Papua New Guinea: Giving Urban Youth a Second Chance

May 13, 2016

Like many others in the capital Port Moresby, after Lawrence left school, finding a job was very difficult. To get by, he turned to petty street crimes. When Lawrence joined the World Bank and Australian Government-supported Urban Youth Employment Program (UYEP), his life changed direction.

World Bank Group

Unemployment of young people in urban areas is one of the biggest development challenges faced by Papua New Guinea (PNG). A World Bank-supported project is helping youth in the capital of Port Moresby by providing training and employment opportunities to give them a leg up in life.

Challenge

Young people account for almost half the population of PNG, and comprise a large part of the urban poor. In the capital, Port Moresby, there are more than 40,000 unemployed young people, many have missed out on completing their education due to their life circumstances and do not have the necessary skills for entry-level jobs. Long-term unemployed young people often find themselves involved in petty crime to support themselves.

 

Approach

To provide new opportunities for disadvantaged youth in Port Moresby, the Urban Youth Employment Project provides training to improve young people’s chances of obtaining jobs. The project is also helping provide short-term jobs to help participants earn an income and gain much-needed employment experience.

 

Results

Since it began in 2011:

  • more than 15,000 young people have participated in the project, 40% of them women.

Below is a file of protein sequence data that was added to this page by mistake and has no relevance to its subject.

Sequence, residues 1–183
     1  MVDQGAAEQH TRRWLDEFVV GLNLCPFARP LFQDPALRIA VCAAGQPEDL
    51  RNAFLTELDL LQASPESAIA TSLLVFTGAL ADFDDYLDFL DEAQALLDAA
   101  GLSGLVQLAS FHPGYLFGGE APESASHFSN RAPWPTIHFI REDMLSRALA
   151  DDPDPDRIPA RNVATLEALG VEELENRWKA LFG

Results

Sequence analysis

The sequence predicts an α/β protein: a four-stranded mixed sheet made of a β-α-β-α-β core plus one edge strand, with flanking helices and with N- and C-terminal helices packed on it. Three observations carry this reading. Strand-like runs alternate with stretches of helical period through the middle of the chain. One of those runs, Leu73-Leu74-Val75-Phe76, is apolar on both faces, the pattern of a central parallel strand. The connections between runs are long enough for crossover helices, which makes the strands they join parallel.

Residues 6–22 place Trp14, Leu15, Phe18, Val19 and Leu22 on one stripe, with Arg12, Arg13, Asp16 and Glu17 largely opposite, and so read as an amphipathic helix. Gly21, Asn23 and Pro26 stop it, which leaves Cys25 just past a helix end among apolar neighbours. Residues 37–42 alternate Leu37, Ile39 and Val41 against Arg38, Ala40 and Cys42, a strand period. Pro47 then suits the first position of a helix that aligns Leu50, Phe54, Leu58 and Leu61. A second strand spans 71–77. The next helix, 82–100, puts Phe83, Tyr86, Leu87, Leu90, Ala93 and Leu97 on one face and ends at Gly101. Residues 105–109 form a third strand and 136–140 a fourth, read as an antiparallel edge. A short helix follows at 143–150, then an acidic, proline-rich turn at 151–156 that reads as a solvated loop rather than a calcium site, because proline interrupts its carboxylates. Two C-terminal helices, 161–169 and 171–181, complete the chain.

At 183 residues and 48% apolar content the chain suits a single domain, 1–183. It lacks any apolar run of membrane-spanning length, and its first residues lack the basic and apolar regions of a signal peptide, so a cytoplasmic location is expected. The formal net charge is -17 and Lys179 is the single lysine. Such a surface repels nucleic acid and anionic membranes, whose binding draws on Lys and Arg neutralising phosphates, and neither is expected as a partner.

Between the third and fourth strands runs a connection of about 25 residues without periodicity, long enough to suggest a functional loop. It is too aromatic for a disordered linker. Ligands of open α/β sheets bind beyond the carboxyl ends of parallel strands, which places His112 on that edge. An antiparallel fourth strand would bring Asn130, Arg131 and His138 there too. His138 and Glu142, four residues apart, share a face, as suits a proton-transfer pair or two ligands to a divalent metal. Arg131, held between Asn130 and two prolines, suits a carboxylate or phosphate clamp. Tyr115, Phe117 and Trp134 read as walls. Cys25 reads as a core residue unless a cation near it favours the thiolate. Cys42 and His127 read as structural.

• participants have completed more than 360,000 combined work days;
  • 35% of young people who have graduated from the project’s on-the-job training program have then gone on to receive an offer of a paid job.

" I don’t want to go back to what I was doing before, doing nothing and socializing with the street boys. I’ve got my dream. "

Lawrence

UYEP member

When Kandiye’s husband remarried and left her, taking their children, she was emotionally and physically affected. Through the World Bank and Australian Government-supported Urban Youth Employment Project (UYEP), she was able to earn a job placement with a Papua New Guinea refrigeration company. Through hard work and tenacity, Kandiye eventually became a full-time staff member and now has enough income to support her children.

World Bank Group

World Bank Group contribution

The World Bank Group’s International Development Association (IDA) contributes $15 million to the Urban Youth Employment Project.

 

Partners

In March 2016, the Australian Government provided additional financing of $10.8 million to extend the project until the end of 2018.

Other partners involved with the project include the Government of Korea which has contributed $0.6 million, the Government of Papua New Guinea, the Bank of South Pacific, and a large number of businesses in Port Moresby. 

The project is implemented by PNG’s National Capital District Commission.

 

Moving Forward

The additional funding and expansion of UYEP has allowed the project to open opportunities for more unemployed young people in Port Moresby to gain income, work experience, training and access to the formal banking system. A possible expansion of the project into other cities in PNG is currently being considered.  

 

Beneficiaries

Like many young people in the capital Port Moresby, after Lawrence Kerry left school, finding a job was very difficult. To get by, he turned to petty street crime.

When Lawrence joined the Urban Youth Employment Project, his life changed direction. “When I first registered my name, I felt a sense of belonging. I don’t want to go back to what I was doing before, doing nothing and socializing with the street boys. I’ve got my dream.”

>15,000
young people have participated in the project